Meltdown & Spectre: How LogicMonitor Can Help

How the Security Patch Might Affect Cloud Users
When a critical security flaw affecting hardware is identified — such as the recently publicized chip vulnerabilities (Meltdown, Spectre) — your cloud provider takes steps to implement the necessary patch(es) to protect its infrastructure.

Updates performed by your cloud provider may require scheduled reboots for your cloud resources. For example, the security patch for Intel processors requires a machine reboot since the patch includes an update to the hypervisor kernel.

Depending on what your cloud resources support, a reboot from your cloud provider may or may not require you to take action. A reboot for an Amazon Web Services (AWS) EC2 instance running a production application could have a bigger negative impact on your business operations than a reboot for an instance used as a development playground.

How LogicMonitor Helps
Using LM Cloud, you receive Amazon Web Services (AWS) service alerts ahead of such scheduled events and view them in the context of your monitored infrastructure.

For each event, you’ll see the associated EC2 instance, the type of event scheduled (reboot, retirement, etc.), and the hours until the event is scheduled to occur.  Here’s a look at a few of the reboots scheduled for LogicMonitor’s instances:

AWS scheduled reboots displayed in LogicMonitor

Intelligent Routing of Alerts
AWS uses email (yes, email) to notify users of upcoming scheduled events, but the effectiveness of email as an alerting tool depends on who receives it and whether or not the recipient recognizes its importance and the instance(s) that could be affected.

With LogicMonitor, the determination of where alerts are sent can be systematically defined by you. Alert routing and messaging can depend on the EC2 instance and the type or status of the event.

For example, you could choose to have alerts for scheduled reboots of critical production instances routed via text to your on-call engineer, and send alerts for scheduled reboots of less mission-critical development instances to a Slack room.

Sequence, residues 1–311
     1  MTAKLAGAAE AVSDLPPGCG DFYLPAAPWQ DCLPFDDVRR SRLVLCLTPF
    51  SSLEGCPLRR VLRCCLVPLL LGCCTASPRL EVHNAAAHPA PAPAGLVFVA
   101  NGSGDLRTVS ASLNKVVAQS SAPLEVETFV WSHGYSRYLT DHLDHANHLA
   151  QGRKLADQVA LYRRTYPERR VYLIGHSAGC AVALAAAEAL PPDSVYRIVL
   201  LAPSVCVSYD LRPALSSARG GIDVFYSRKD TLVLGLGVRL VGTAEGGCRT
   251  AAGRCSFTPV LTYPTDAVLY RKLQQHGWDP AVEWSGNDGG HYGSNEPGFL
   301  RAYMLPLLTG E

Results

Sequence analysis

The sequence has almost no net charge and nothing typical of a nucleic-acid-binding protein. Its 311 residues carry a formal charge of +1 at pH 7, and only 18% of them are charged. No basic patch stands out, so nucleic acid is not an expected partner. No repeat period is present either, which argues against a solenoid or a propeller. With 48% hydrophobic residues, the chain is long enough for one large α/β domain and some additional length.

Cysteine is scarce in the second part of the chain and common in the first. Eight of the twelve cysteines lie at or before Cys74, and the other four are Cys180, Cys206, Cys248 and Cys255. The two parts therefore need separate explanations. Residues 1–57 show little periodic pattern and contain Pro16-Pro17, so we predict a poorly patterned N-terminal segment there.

You can even configure a report of unacknowledged alerts (i.e. alerts that haven’t been responded to) to be delivered periodically to the head of your operations team’s inbox.

Measuring Performance Changes
After the event occurs, we can measure any resulting performance changes with monitored data in LogicMonitor. Here’s a look at the CPU for one of our EC2 instances before and after the reboot event related to implementation of the security patch for the chip flaw (the event occurred on Jan. 4th):

CPU spike in a LogicMonitor EC2 instance before and after AWS’ security patch for the chip flaw.

As you can see, the patch resulted in a significant increase in CPU utilization (and this increase wasn’t specific to us).  Even if you aren’t actively watching the instance’s performance after the event (e.g. on a NOC wall), alerts are automatically triggered for such an increase in CPU utilization thanks to LogicMonitor’s out-of-the-box alert thresholds:

Prefigured thresholds ensure alerts were automatically triggered in LogicMonitor after CPU spike.

Next Steps
Based on the CPU utilization data, we know we need to resize the instance to allow headroom for growth. Using LogicMonitor’s LM Cloud to monitor cloud resources means you also can avoid missing scheduled events and address any performance impacts they may cause before problems occur.

LogicMonitor’s LM Cloud solution monitors key resource performance metrics, cloud provider availability, and spend data for your cloud environment so you can navigate the cloud with confidence. If you aren’t already using LogicMonitor, sign up for a free trial today.